Flynn et al vs. Veazey Construction Corporation

District of Columbia, dcd-1:2003-cv-00745

MEMORANDUM OPINION. Signed by Judge Ricardo M. Urbina on 3/27/06.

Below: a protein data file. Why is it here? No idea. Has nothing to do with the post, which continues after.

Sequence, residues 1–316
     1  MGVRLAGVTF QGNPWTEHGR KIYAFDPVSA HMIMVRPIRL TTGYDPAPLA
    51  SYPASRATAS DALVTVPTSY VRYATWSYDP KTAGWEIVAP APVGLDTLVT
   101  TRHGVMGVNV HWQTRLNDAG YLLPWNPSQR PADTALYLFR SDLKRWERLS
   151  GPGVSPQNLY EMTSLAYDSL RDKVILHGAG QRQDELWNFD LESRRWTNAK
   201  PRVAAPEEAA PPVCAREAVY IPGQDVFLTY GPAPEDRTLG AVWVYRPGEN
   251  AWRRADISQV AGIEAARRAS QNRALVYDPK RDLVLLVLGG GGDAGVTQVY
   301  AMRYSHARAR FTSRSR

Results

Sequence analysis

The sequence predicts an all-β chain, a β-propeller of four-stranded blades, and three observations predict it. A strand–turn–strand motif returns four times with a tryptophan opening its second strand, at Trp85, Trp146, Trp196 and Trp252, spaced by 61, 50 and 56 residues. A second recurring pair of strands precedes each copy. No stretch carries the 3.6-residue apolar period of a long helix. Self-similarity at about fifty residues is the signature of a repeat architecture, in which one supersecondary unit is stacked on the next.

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9 UNITED STATES DISTRICT COURT FOR THE DISTRICT OF COLUMBIA JOHN FLYNN et al.,:: Plaintiffs,: Civil Action No.: 03-0745 (RMU): v.: Document Nos.: 26, 27, 28, 31, 32: VEAZEY CONSTRUCTION CORP., and: VEAZEY ENTERPRISES, INC.,:: Defendants.: MEMORANDUM OPINION GRANTING IN PART AND DENYING IN PART THE DEFENDANTS' JURISDICTIONAL MOTIONS1; GRANTING IN PART AND DENYING IN PART THE PLAINTIFFS' MOTION FOR SUMMARY JUDGMENT; DENYING THE DEFENDANTS' MOTION FOR PARTIAL SUMMARY JUDGEMENT; AND DENYING THE DEFENDANTS ' MOTION TO STRIKE AFFIDAVIT I. INTRODUCTION This matter comes before the court on the defendants' motion in limine, the defendants' motion to strike evidence and arguments pertaining to post-contract-expiration events (together, the "jurisdictional motions"), the defendants' motion for partial summary judgment regarding the plaintiffs' alter ego theory, the plaintiffs' motion for summary judgment and the defendants' motion to strike an affidavit. The plaintiffs, fiduciaries and trustees of the Bricklayers & Trowel 1 The defendants have filed a motion in limine and a motion to strike evidence and arguments. Because these motions essentially dispute this court's jurisdiction and because these motions contain largely the same arguments, the court refers to them jointly as the jurisdictional motions. 9 Trades International Pension Fund (the "IPF"),2 seek to recover delinquent contributions under the Employee Retirement Income Security Act ("ERISA"), 29 U.S.C. §§ 1001 et seq. Because the court does not have jurisdiction to consider the plaintiffs' claims regarding the defendants' statutory obligations incurred after the expiration of the collective bargaining agreement ("CBA") between defendant Veazey Construction Corporation ("Veazey Corporation") and the plaintiffs and because the court may consider evidence relating to the time period after the CBA expired, the court grants in part and denies in part the defendants' jurisdictional motions. The plaintiffs, for their part, move for summary judgment, arguing that the defendants are alter egos jointly and severally liable for each other's debts and that each is subject to the obligations of the CBA. The plaintiffs further argue that the court should order the defendants to pay for obligations incurred both before and after the CBA expired. The defendants also move for summary judgment on the alter ego issue and argue that the court, in making its determination on the alter ego issue, cannot consider evidence relating to the time period after the CBA expired (the defendants' summary judgment motion repeats many of the arguments contained in their jurisdictional motions). Because the evidence in this case, including evidence relating to the time period after the CBA expired, shows that defendant Veazey Enterprises, Inc. ("Veazey Enterprises") is the alter ego of defendant Veazey Construction, the court grants in part and 2 The Bricklayers & Trowel Trades International Pension Fund (the "IPF") is an "employee benefit plan" within the meaning of § 3(3) of the Employee Retirement Income Security Act ("ERISA"), 29 U.S.C. § 1002(3), and is a "multi-employer plan" within the meaning of § 3(37) of ERISA, 29 U.S.C. § 1002(37). Compl. ¶ 3 (citing 29 U.S.C. § 1002(3), (37)). The IPF brings this action on its own behalf and on behalf of the Bricklayers & Allied Craftworkers International Health Fund, the International Masonry Institute, the Bricklayers and Allied Craftworkers International Union ("BAC"), the Bricklayers Gulf Coast Pension Fund, the Bricklayers Apprenticeship and Training Fund of Houston- Galveston and BAC Processing Office (collectively, "the plaintiffs"). Joint Statement of Case at 1-2. 2 9 denies in part the plaintiffs' motion for summary judgment and denies the defendants' motion for partial summary judgment. Finally, the court denies the defendants' motion to strike one of the plaintiffs' affidavits because that affidavit is not inherently inconsistent with the affiant's prior deposition testimony. The court, however, also denies the plaintiff's motion for summary judgment as it relates to the amount of damages because the affidavit creates a credibility issue that must be reserved for resolution at trial. II. BACKGROUND A. Factual Background G.W. Veazey and Peggy Veazey founded Veazey Corporation in the early 1960s as a masonry contractor serving the Houston, Texas, commercial construction market. Defs.' Mot. for Partial Summ. J, Proposed Findings of Uncontroverted Fact ("Defs.' Statement") ¶ 1. G.W. Veazey managed the business until his death in 1993. Id. Following G.W. Veazey's death, Peggy Veazey became the sole stockholder of Veazey Corporation and her son, David Veazey, became its president. Id. In April 1995, David Veazey acquired ten percent of the total outstanding stock of Veazey Corporation from his mother. Id. Although David Veazey's mother remained the majority owner of Veazey Corporation, David Veazey controlled the company's operations. Pls.' Mot. for Summ. J., Ex. C ("Dep. of David Veazey") at 15. In April 1998, David Veazey, his wife Nell Veazey, and Sharon Stelter founded Veazey Enterprises. Id. ¶ 3. Sharon Stelter was the bookkeeper for Veazey Corporation and continued to serve in this position after the creation of Veazey Enterprises. Pls.' Mot. for Summ. J., Local Rule 56.1 Statement of Material Facts as to Which There is No Genuine Dispute ("Pls.' 3 9 Statement") ¶ 26. The plaintiffs allege that although Veazey Enterprises was technically incorporated by Sharon Stelter, she only paid for the cost of the corporate formation documents, while the remainder of the financing came from David and Nell Veazey. Id. ¶ 22 On May 1, 2001, David Veazey executed Veazey Corporation's final CBA with the plaintiffs. Pls.' Statement ¶ 10. On February 22, 2002, David Veazey notified the plaintiffs of Veazey Corporation's desire to terminate the CBA, which consequently expired on April 30, 2002. Id. ¶ 12. Veazey Corporation thus ended its thirty-year relationship with the plaintiffs. Pls.' Mot. for Summ. J. at 5. The defendants claim that Veazey Corporation terminated the CBA because it was planning to shut down its operations. Defs.' Statement ¶ 2. The defendants allege that Veazey Corporation ceased its operations on April 30, 2002 and, since that time, has only been involved in collecting outstanding invoices for work previously performed. Id. The defendants allege that prior to April 30, 2002, Veazey Corporation and Veazey Enterprises were "two separate companies, with separate ownership and management, engaging in different businesses for different purposes, with separate sources of business, and whose sharing of office space was subject to arms-length transactions." Defs.' Mot. for Partial Summ. J. at 2. Specifically, the defendants claim that, before April 30, 2002, "the extent of the business relationship between Veazey [Corporation] and Veazey Enterprises were occasional referrals, a shared office building and receptionist, and some shared equipment, although any uses of property and equipment were subject to arms-length lease and use agreements." Defs.' Reply to Pls.' Opp'n to Defs.' Mot. for Partial Summ. J. ("Defs.' Reply") at 8. B. Procedural Background On March 24, 2003, the plaintiffs filed their complaint pursuant to section 502(a)(3) of 4 9 ERISA, 29 U.S.C. § 1132(a)(3), and section 301 of the National Labor Relations Act (the "NLRA"), 29 U.S.C. § 185. On March 8, 2005, the plaintiffs filed a motion for summary judgment and the defendants filed a motion for partial summary judgment and a motion in limine. On April 8, 2005, the defendants filed a motion to strike evidence and arguments pertaining to post-contract-expiration events and a motion to strike one of the plaintiffs' affidavits. The court now turns to these motions. III. ANALYSIS A. The Court Grants in Part and Denies in Part the Defendants' Jurisdictional Motions The defendants argue that the court lacks jurisdiction to consider any "evidence which concerns or relates to matters occurring after April 30, 2002, when the CBA at issue expired." Defs.' Mot. in Limine at 2; Defs.' Mot. to Strike at 2. As a result, the defendants filed a motion in limine and a motion to strike to exclude: (1) the plaintiffs' claims for contribution after the CBA expired, and (2) evidence related to the plaintiffs' alter ego theory "which came into being after April 30, 2002." Defs.' Mot. to Strike at 2. The plaintiffs disagree and assert that the court may hear both their claims for contributions after the CBA expired and their evidence related to the plaintiffs' alter ego theory. Pls.' Opp'n to Defs.' Mot. in Limine at 4. For the reasons discussed below, the court concludes that it (1) does not have jurisdiction to consider the merits of the plaintiffs' claims regarding contributions due after the CBA expired and (2) has jurisdiction to consider all evidence dated after the CBA expired in deciding the alter ego issue. 5 9 1. Legal Standard for Determining Jurisdiction for ERISA Claims Generally, federal courts do not have jurisdiction over labor law claims and must defer to the exclusive competence of the National Labor Relations Board ("NLRB"). Laborers Health and Welfare Trust Fund for N. Cal. v. Advanced Lightweight Concrete Co., 484 U.S. 539, 543, n.4 (1988). In 1980, however, Congress amended ERISA "to provide trustees of multiemployer benefit plans with an effective federal remedy to collect delinquent contributions."3 Id. at 541. Nevertheless, Congress limited the district court's jurisdiction to the "collection of 'promised contributions.'" Id. at 549. Therefore, ERISA "does not confer jurisdiction on district courts to determine whether an employer's unilateral decision to refuse to make postcontract contributions constitutes a violation of the NLRA." Id.; Painters' Pension Trust Fund of Wash., D.C. & Vicinity v. Manganaro Corp., Md., 693 F. Supp. 1222, 1223 (D.D.C. 1988) (holding that the court lacked jurisdiction to entertain actions for non-contractual remedies under the NLRA because sections 502(g)(2) and 515 of ERISA are limited in scope to the collection of "promised contributions"). The Supreme Court's "principal reason" for this conclusion was its "conviction that Congress' intent is so plain that policy arguments. . . must be addressed to the body that has 3 Analyzing Congress' amendment, the Supreme Court determined that an employer's duty to contribute to covered plans comes from both the employer's contractual obligations under the collective bargaining agreement ("CBA") and statutory obligations imposed by the National Labor Relations Act ("NLRA"). Laborers Health and Welfare Trust Fund for N. Cal. v. Advanced Lightweight Concrete Co., 484 U.S. 539, 545-56, n.4 (1988). Specifically, the NLRA imposes a duty on the employer to continue to honor the conditions of an expired CBA pending negotiations on a new agreement. Id. at 545, n.6. Failure to honor these terms until either a new agreement or an impasse has been reached constitutes bad faith bargaining and a breach of sections 8(a)(1), 8(a)(5) and 8(d) of the NLRA. Advanced Lightweight Concrete, 484 U.S. at 545, 545 n.6. "Consequently, any unilateral change by the employer in the pension fund arrangements provided by an expired agreement is an unfair labor practice." Id. (citing NLRB v. Katz, 369 U.S. 736, 743 (1962)). 6 9 the authority to amend the legislation, rather than one whose authority is limited to interpreting it." Id. at 551. 2. The Court Cannot Consider the Plaintiffs' Claims for Post-CBA Contributions Relying on Advanced Lightweight Concrete, the defendants argue that the court does not have jurisdiction to entertain the plaintiffs' allegations that the defendants were required to continue making contributions to the IPF after the CBA expired. Defs.' Mot. to Strike at 4; Defs.' Mot. in Limine at 2. The defendants also argue the court does not have jurisdiction over allegations arising after the CBA expired because evidence dated after the CBA expired is inadmissible. Defs.' Mot. in Limine at 2. The plaintiffs, on the other hand, argue that the court has jurisdiction to hear their claims that the defendants failed to make contributions after the CBA expired and that the court may consider evidence dated after the CBA expired in analyzing the summary judgment motion (which is based on the alter ego theory). Pls.' Opp'n to Defs.' Mot. in Limine at 2, 4; Pl.'s Opp'n to Defs.' Mot. to Strike at 2. The holding of Advanced Lightweight Concrete gives the court jurisdiction over claims for the collection of contribution amounts promised in a CBA and explicitly denies the court jurisdiction over claims for the collection of contribution amounts after the CBA expires. Advanced Lightweight Concrete, 484 U.S. at 549 (affirming the circuit court's conclusion that "[jurisdiction] is limited to the collection of 'promised contributions' and [ERISA] does not confer jurisdiction on district courts to determine whether an employer's unilateral decision to refuse to make postcontract contributions constitutes a violation of the NLRA"). Although the holding of this seminal case is straightforward and unconditional, the plaintiffs argue that it is inapplicable to the present case for a number of reasons. First, they argue that "one of the 7 9 primary reasons for the Court's decision in Advanced Lightweight Concrete was the fact that resolution of the plaintiff's claim for post-contractual contributions would require the Court to decide technical issues of labor law." Pls.' Opp'n to Defs.' Mot. in Limine at 6 (emphasis in original). But, the Advanced Lighweight Concrete Court did not distinguish between cases that involve technical issues of labor law and those that do not. Indeed, the Court explicitly rejected the notion that courts have jurisdiction over claims involving post-CBA obligations. Id. at 551 (emphasis added). The Court only considered policy arguments, such as the complexity of labor law issues, to offer additional support for its holding.4 Id. at 551-53. Second, the plaintiffs argue that this case is distinguishable from Advanced Lightweight Concrete because the only claim pursued by the plaintiffs in Advanced Lightweight Concrete was a claim based on the defendants' failure to make post-CBA contributions. Pls.' Opp'n to Defs.' Mot. in Limine at 8 (citing Advanced Lightweight Concrete, 484 U.S. at 542). Here, the plaintiffs argue, they request delinquent contributions owed to them before and after the CBA expired. Id. But, the court does not obtain jurisdiction just because a plaintiff joins its claim for amounts due after the CBA expired with its claim for amounts promised under the CBA, that is, amounts due before the CBA expired. Advanced Lightweight Concrete, 484 U.S. at 549 n.16. 4 Similarly, the plaintiffs' contention that the court has jurisdiction over the claims for post-CBA contributions as a consequence of the settlement agreement reached in the National Labor Relations Board ("NLRB") proceeding is without merit. This argument is an attempt to expand the meaning of contractual duty, which the Court explicitly refused to do in Advanced Lightweight Concrete. Specifically, in Advanced Lightweight Concrete, the Court rejected this attempt to broaden the employer's duties, holding that "as written, § 515 plainly refers to obligations that themselves arise from" the CBA. Advanced Lightweight Concrete, 484 U.S. at 549 n.16. Furthermore the Sixth Circuit, specifically addressing duties arising under a settlement agreement in a labor dispute, held that a settlement agreement does not confer an independent basis for the court's jurisdiction. Bauer v. RBX Indus., Inc., 368 F.3d 569, 578-79 (6th Cir. 2004) (concluding that because a settlement voided a prior CBA agreement and because the parties did not bring a breach of contract claim, the court lacked jurisdiction to hear the employees' ERISA claims). 8 9 The holding in Advanced Lightweight Concrete gives courts jurisdiction only over contractual claims under the CBA and "any obligation to contribute funds for the period after the expiration of a CBA is. . . solely within the jurisdiction of the NLRB." Advanced Lightweight Concrete Co., 484 U.S. at 549. Accordingly, the court does not have jurisdiction to consider the plaintiffs' claims for contributions that may have accrued after April 30, 2002. 3. The Court can Consider Post-CBA Evidence The court's conclusion that it does not have jurisdiction over the plaintiffs' claims for post-CBA contributions, however, does not end the analysis of the defendants' jurisdictional motions. The defendant also asks the court to exclude evidence arising after the CBA expired. Defs.' Mot. in Limine at 2. The plaintiffs argue that even if the court does not have jurisdiction over the claims for post-CBA contributions, the court may still consider evidence dated after the CBA expired in considering the alter ego theory. Pls.' Opp'n to Defs.' Mot. in Limine at 3-4. Specifically, the plaintiffs assert that the dispositive issue is whether the defendants are currently alter egos, and thus liable for each other's debts under the CBA. Id. Consequently, they argue, the post-April 30, 2002 evidence is, in fact, relevant and admissible to this lawsuit. Id. The defendants' argument that the court may not consider evidence arising after April 30, 2002 is unpersuasive for the same basic reason that the court concluded it does not have jurisdiction over the plaintiffs' claims for post-CBA contributions. That is, the holding of Advanced Lightweight Concrete grants the district court jurisdiction over the claims arising out of "promised contributions" under the CBA and to statutory contributions arising out of the NLRA. Advanced Lightweight Concrete, 484 U.S. at 549. Consequently, because the court has jurisdiction to consider the plaintiffs' claims that the defendants failed to make required 9 9 contributions prior to the expiration of the CBA, and because resolution of those claims depends upon the court's resolution of the alter ego issue, the court must be able to consider all evidence that reveals the exact nature of the relationship between the defendants.5 The court accordingly grants in part and denies in part the defendants' jurisdictional motions.6 B. The Court Grants in Part and Denies in Part the Plaintiffs' Motion for Summary Judgment and Denies the Defendants' Motion for Partial Summary Judgment The plaintiffs move for summary judgment, arguing that defendant Veazey Construction failed to fulfill its contractual obligations prior to7 the expiration of the CBA, and that defendant Veazey Enterprises, as the alter ego of defendant Veazey Construction, is liable for Veazey 5 Concluding otherwise would undermine ERISA's intent to strictly bind employers to their pension obligations by allowing companies to engage in the very type of evasive maneuvering that the alter ego doctrine is designed to prevent. Mass. Carpenters Cent. Collection Agency v. Belmont Concrete Corp., 139 F.3d 304, 307 (1st Cir. 1998). Specifically, "[t]he alter ego doctrine is meant to prevent employers from evading their obligations under labor laws and collective bargaining agreements through the device of making 'a mere technical change in the structure or identity of the employing entity. . . without any substantial change in its ownership or management.'" Id. (citing NLRB v. Hosp. San Rafael, Inc., 42 F.3d 45, 51 (1st Cir. 1994)). Were it not for the alter ego doctrine, companies would be able to escape alter ego liability simply by operating as parallel entities and abiding by the requisite formalities until the expiration of the CBA. Id. Limiting evidence to the period when the CBA was in operation would thus make a successor sham entity immune from liability. This result is antithetical to the very purpose of the alter ego doctrine. Id. (noting that the alter ego doctrine is primarily applied to situations involving successor companies). 6 Because the court concludes that it has no jurisdiction to consider the plaintiffs' post- CBA claims, there is no need to address the defendants' argument that the plaintiffs never raised such claims in their original complaint. Defs.' Mot. to Strike Evidence and Argument Pertaining to Post- Contract-Expiration Events at 5. Nevertheless, the court notes that "Rule 8's liberal pleading standard requires only 'a short and plain statement of the claim showing that the pleader is entitled to relief,'" Stokes v. Cross, 327 F.3d 1210, 1215 (D.C. Cir. 2003) (citing FED. R. CIV. P. 8(a)(2)), and the complaint is read only "to determine whether it provides the defendant with fair notice." Grogan v. Gen. Maint. Serv. Co., 764 F.2d 444, 449 (D.C. Cir. 1985). 7 The plaintiffs also argue that defendant Veazey Construction failed to fulfill its contractual obligations subsequent to the expiration of the CBA. As discussed, supra, however, the court does not have jurisdiction to hear that claim. Accordingly, the court denies the part of the plaintiffs' summary judgment motion requesting post-CBA contributions. 10 9 Corporation's contractual obligations under the CBA.8 Pl.'s Mot. for Summ. J. at 3. The defendants move for partial summary judgment, arguing that they are not alter egos and, accordingly, Veazey Enterprises is not liable for Veazey Corporation's contractual obligations under the CBA. Defs.' Mot. for Summ. J. at 2. Because the evidence demonstrates significant similarities in the defendants' ownership, management, business purpose, operations and employees, the court holds that the defendants are alter egos jointly and severally liable for their debts under the CBA, and grants the plaintiffs' motion for summary judgment in part and denies the defendants' motion. 1. Legal Standard for a Motion for Summary Judgment Summary judgment is appropriate when "the pleadings, depositions, answers to interrogatories, and admissions on file, together with the affidavits, if any, show that there is no genuine issue as to any material fact and that the moving party is entitled to a judgment as a matter of law." FED. R. CIV. P. 56(c); see also Celotex Corp. v. Catrett, 477 U.S. 317, 322 (1986); Diamond v. Atwood, 43 F.3d 1538, 1540 (D.C. Cir. 1995). To determine which facts are "material," a court must look to the substantive law on which each claim rests. Anderson v. Liberty Lobby, Inc., 477 U.S. 242, 248 (1986). A "genuine issue" is one whose resolution could establish an element of a claim or defense and, therefore, affect the outcome of the action. Celotex, 477 U.S. at 322; Anderson, 477 U.S. at 248. In ruling on a motion for summary judgment, the court must draw all justifiable inferences in the nonmoving party's favor and accept the nonmoving party's evidence as true. 8 The plaintiffs also move for summary judgment motion on the issue of damages. The damages arguments are addressed in Section III.C., infra. 11 9 Anderson, 477 U.S. at 255. A nonmoving party, however, must establish more than "the mere existence of a scintilla of evidence" in support of its position. Id. at 252. To prevail on a motion for summary judgment, the moving party must show that the nonmoving party "fail[ed] to make a showing sufficient to establish the existence of an element essential to that party's case, and on which that party will bear the burden of proof at trial." Celotex, 477 U.S. at 322. By pointing to the absence of evidence proffered by the nonmoving party, a moving party may succeed on summary judgment. Id. In addition, the nonmoving party may not rely solely on allegations or conclusory statements. Greene v. Dalton, 164 F.3d 671, 675 (D.C. Cir. 1999); Harding v. Gray, 9 F.3d 150, 154 (D.C. Cir. 1993). Rather, the nonmoving party must present specific facts that would enable a reasonable jury to find in its favor. Greene, 164 F.3d at 675. If the evidence "is merely colorable, or is not significantly probative, summary judgment may be granted." Anderson, 477 U.S. at 249-50 (internal citations omitted). 2. Legal Standard for Determining Alter Egos in the ERISA Context In the ERISA context, alter ego liability enables ERISA trustees to "recover delinquent contributions from a sham entity used to circumvent the participating employer's pension obligations." Flynn v. R.C. Tile, 353 F.3d 953, 958 (D.C. Cir. 2004). Stated differently, the purpose of alter ego liability is "to prevent employers from evading their obligations under labor laws and collective bargaining agreements through the device of making a mere technical change in the structure or identity of the employing entity. . . without making any substantial change in its ownership or management." Mass. Carpenters Cent. Collection Agency v. Belmont Concrete Corp., 139 F.3d 304, 307 (1st Cir. 1998) (internal citations omitted). 12 9 In order to determine whether two businesses are alter egos, the court "evaluates the similarities between the two enterprises in their ownership, management, business purpose, operations, equipment and customers." R.C. Tile, 353 F.3d at 958. In this analysis, "no single factor is controlling and all need not be present to support a finding of alter ego status." Belmont Concrete, 139 F.3d at 308. 3. The Defendants are Alter Egos The primary question before the court is whether Veazey Enterprises is the alter ego of Veazey Corporation. If so, Veazey Enterprises is bound by the CBA. R.C. Tile, 353 F.3d at 959; Belmont Concrete, 139 F.3d at 309; Cent. States, S.E. & S.W. Areas Pension Fund v. Sloan, 902 F.2d 593, 596 (7th Cir. 1990) (holding that an alter ego of signatory employer is "obligated to honor the pension contribution terms of the [CBA]"). The plaintiffs assert that Veazey Corporation and Veazey Enterprises "shared ownership, management, employees, and equipment, carried on the same type of work in common geographical areas, operated out of the same location, maintained records and equipment in the same place, and transferred assets between the companies with little to no consideration and/or without documenting such transfers." Pls.' Mot. for Summ. J. at 16. The defendants, however, argue that the plaintiffs' "case almost entirely rests upon proof that is inadmissible" because the court may not consider the post-CBA conduct of the defendants, Defs.' Opp'n to Pls.' Mot. for Summ. J. at 3, and do not contradict any of the plaintiffs' assertions regarding alter ego liability or status.9 9 The defendants' response to the plaintiffs' statement of material undisputed facts is generally limited to asserting that some of the words are ambiguous and to dismissing as irrelevant those allegations concerning post-CBA matters. Moreover, the defendants recognize that "Veazey Enterprises is today a different company than that presented in Defendants' own Motion for Partial Summary Judgment." Defs.' Opp'n to Pls.' Mot. for Summ. J. at 13. 13 9 As discussed supra, the court can consider post-CBA evidence as it relates to the alter ego question. The post-CBA evidence reveals the following picture. David Veazey, a minority owner of Veazey Corporation, created Veazey Enterprises in 1998, Dep. of David Veazey at 85: 1-6, and the company was incorporated by his bookkeeper, Sharon Stelter, Pls.' Statement ¶ 21. Sharon Stelter was the majority owner and president of Veazey Enterprises until July 2002, even though she only paid for the cost of the corporate formation documents while the remainder of the money came from David and Nell Veazey. Id. Sharon Stelter also continued to work as a bookkeeper for Veazey Corporation while serving as president for Veazey Enterprises. Id. ¶ 34. David Veazey bought Veazey Enterprises from Sharon Stelter, replacing her as president, only three months after he terminated Veazey Corporation. Id. ¶¶ 25, 30. The two companies' rosters of employees and officers overlap considerably. David Veazey, Nell Veazey, Sharon Stelter and Nick Koenig all held or currently hold executive positions at Veazey Enterprises.10 Id. ¶ 32. Additionally, "seven of the eleven names included on a Veazey Enterprise list of employees can also be found at one time or another on the payroll records for Veazey [Corporation]." Id. ¶ 38. These employees work out of the same location as they occupied at Veazey Corporation, using some of the same equipment, the same fax number, and one of Veazey Corporation's former telephone lines. Id. ¶¶ 42, 45, 46. Some of this equipment was "shared" even before Veazey Corporation went out of business, and the defendants did not produce any written use agreements demonstrating that these arrangements were subject to arms-length transactions. Id. ¶¶ 52, 58. What's more, Veazey Corporation and 10 Out of these individuals only Nell Veazey, David Veazey's wife, was not formerly and officer of Veazey Corporation. Pls.' Mot. for Summ. J., Local Rule 56.1 Statement of Material Facts as to Which There is No Genuine Dispute ("Pls.' Statement") ¶ 32. 14 9 Veazey Enterprises also used several of the same service providers and are represented by the same law firm in this lawsuit. Id. ¶¶ 64-65. Even the receptionist, which the two companies shared, answers the phone in a manner that does not differentiate between them and did so during the period of their allegedly separate operations. Id. ¶ 47. Most importantly, although Veazey Enterprises was created to perform small repair work while Veazey Corporation only did large masonry projects, Veazey Enterprises began doing the same large masonry projects that were the focus of Veazey Corporation's business once the CBA expired. Id. ¶ 39. In fact, Veazey Enterprises did not earn a profit until this change took place. Id. ¶ 39 n.3. Ultimately, "Veazey Enterprises currently engages almost exclusively in the exact same type of work in the same basic geographical areas in Texas as Veazey Corporation engaged in before it ceased operating in April 2002." Id. ¶ 41. Moreover, whatever formalities were observed during the parallel operation of Veazey Corporation and Veazey Enterprises fell apart when Veazey Corporations ceased its operation and David Veazey gained full control of Veazey Enterprises shortly after the expiration of the CBA. Id. ¶¶ 39, 40, 44. In short, the evidence demonstrates significant similarities in the defendants' ownership, management, business purpose, operations, and employees, the court holds that Veazey Corporation and Veazey Enterprises are alter egos jointly and severally liable for each other's debts under the CBA. The court emphasizes that none of the above factors are determinative on their own. The alter ego doctrine, however, is such that "no single factor is controlling and all need not be present to support a finding of alter ego status." Belmont Concrete, 139 F.3d at 308. But, the combination of the above factors leads the court to conclude that Veazey Enterprises is the alter ego of Veazey Corporation. Like in R.C. Tile, the asserted differences between the two 15 9 companies (specifically, the formalities which were observed during the period of parallel operation) are outweighed by the similarities in the companies' control and operations that occurred when Veazey Corporation went out of business and David Veazey bought Veazey Enterprises, R.C. Tile, 353 F.3d at 959. C. The Court Denies the Defendants' Motion to Strike Kay LeBoeuf's Affidavit The defendants move to strike Kay LaBoeuf's affidavit, arguing that the affiant, an auditor who conducted a payroll review of Veazey Construction for the purpose of calculating damages in this action, used improper mathematical methods and that her affidavit is inconsistent with her prior deposition testimony. Defs.' Mot. to Strike LaBoeuf's Aff. at 2. The plaintiffs argue that the court should not strike the affidavit because it is consistent with her deposition testimony "on all but one minor point." Pls.' Opp'n to Mots. to Strike at 9. 1. Legal Standard for Excluding an Affidavit as a Sham A district court has discretion to strike sham affidavits. Cook v. Babbitt, 819 F. Supp. 1, 21 (D.D.C. 1993). The court, however, must distinguish between discrepancies that create "transparent shams" and discrepancies that create credibility issues. Tippens v. Celotex Corp., 805 F.2d 949, 953 (11th Cir. 1986). As one court stated, [t]o allow every failure of memory or variation in a witness's testimony to be disregarded as a sham would require far too much from lay witnesses and would deprive the trier of fact of the traditional opportunity to determine which point in time and with which words the witness. . . was stating the truth. Id. at 953-954. Accordingly, "[a]n opposing party's affidavit should be considered although it differs from or varies [from] his evidence as given by deposition or another affidavit and the two in conjunction may disclose an issue of credibility." Tippens, 805 F.2d at 953 (quoting 6 16 9 MOORE 'S FEDERAL PRACTICE ¶ 56.15[4] (2d ed. 1985)). The court, moreover, should not strike an affidavit "when the affiant states in his affidavit that he was confused in his deposition or where the affiant needs to explain portions of his deposition testimony that were unclear." City of St. Joseph, Mo. v. Sw. Bell Telephone, 2006 WL 435598, at *5 (8th Cir. Feb. 24, 2006). 2. Kay LeBoeuf's Affidavit is Not a Sham The defendants contend that the affidavit of Kay LeBoeuf, the plaintiffs' auditor, "is wholly unreliable and inconsistent with her deposition testimony" and thus should be disregarded by the court when considering the plaintiffs' motion for summary judgment. Defs.' Mot. to Strike LeBoeuf's Aff. at 10. The plaintiffs, conversely, assert that "nearly all of the alleged inconsistencies cited by the Defendants are not inconsistencies at all." Pls.' Opp'n to Defs.' Mots. to Strike at 7. In fact, the plaintiffs claim that there is only one minor inconsistency between LeBoeuf's deposition testimony and her affidavit, which is insufficient to strike the entire affidavit. Id. at 8-9. Furthermore, LeBoeuf corrected the inconsistency (and also corrected another inconsistency she discovered during a review of her calculations) in her Supplemental Declaration to this court. Pls.' Opp'n to Defs.' Mots. to Strike, Ex. A ("LeBoeuf Supplemental Decl.") at 2. This change is reflected in the revised damage calculations. Id. Courts are especially lenient in accepting later testimony that may not be wholly consistent with an earlier account where, like here, "the initial statement took the form of a deposition rather than. . . an affidavit." Pyramid Sec. Ltd., 924 F. 2d at 1123. This is because "[a] deponent may have been confused about what was being asked or have lacked immediate access to material documents." Id. This may have partially been the case here because during her deposition, LeBoeuf stated several times that to answer the questions precisely, she needed to 17 9 review her spreadsheet reports. Pls.' Opp'n to Defs.' Mots. to Strike, Ex. B ("LeBoeuf Dep.") at 36-37, 57, 85, 98. Moreover, as LaBoeuf points out in her supplemental declaration, although she acknowledged the possibility of error, id. at 32, she only actually admitted to the existence of one mistake, id. at 68-69. Thus, this is not the case where a party has given clear answers to unambiguous questions in a deposition and then seeks to create a genuine issue of material fact by filing an affidavit contradicting the prior deposition testimony. Reetz v. Hampton J. Jackson, 176 F.R.D. 412, 414 (D.D.C. 1997) (internal quotations omitted). The one inconsistency between the deposition testimony and the affidavit that the plaintiffs acknowledge11 is insufficient to warrant striking LeBoeuf's entire affidavit. As the plaintiffs themselves admit, however, the fact that LeBoeuf's deposition testimony is not entirely consistent with her affidavit "creates an issue of credibility to be resolved by the fact finder." Pls.' Opp'n to Defs.' Mots. to Strike at 9. Notably, the plaintiffs' damages calculations rest almost entirely upon LeBoeuf's affidavit. Pls.' Mot. for Summ. J. at 16-19. Accordingly, the court denies the plaintiffs' motion for summary judgment regarding the specific amount of damages and also denies the defendants' motion to strike LaBoeuf's affidavit. Avianca, Inc. v. Corriea, 1992 U.S. Dist. Lexis 4709 at *10, n.2 (D.D.C. Apr. 13, 1992) (concluding that although a witness's testimony differed throughout his affidavits and his deposition testimony, the jury should be permitted to assess his credibility).12 11 This mistake concerned the Kay LeBoeuf's calculations for Daniel Clark, which she corrected in her supplemental declaration. Pls.' Opp'n to Defs.' Mots. to Strike at 9-10, n.7. 12 Because the court denies the plaintiffs' motion for summary judgment with respect to the amount of damages, it does not address the other arguments that the parties make as to the manner in which damages should be calculated in this case. 18 9 IV. CONCLUSION For the foregoing reasons, the court grants in part and denies in part the defendants' jurisdictional motions, grants in part and denies in part the plaintiff's motion for summary judgment, denies the defendants' motion for partial summary judgment regarding the plaintiffs' alter ego theory, and denies the defendants' motion to strike LeBoeuf's affidavit. An order consistent with this Memorandum Opinion is separately and contemporaneously issued this 27th day of March 2006. RICARDO M. URBINA United States District Judge 19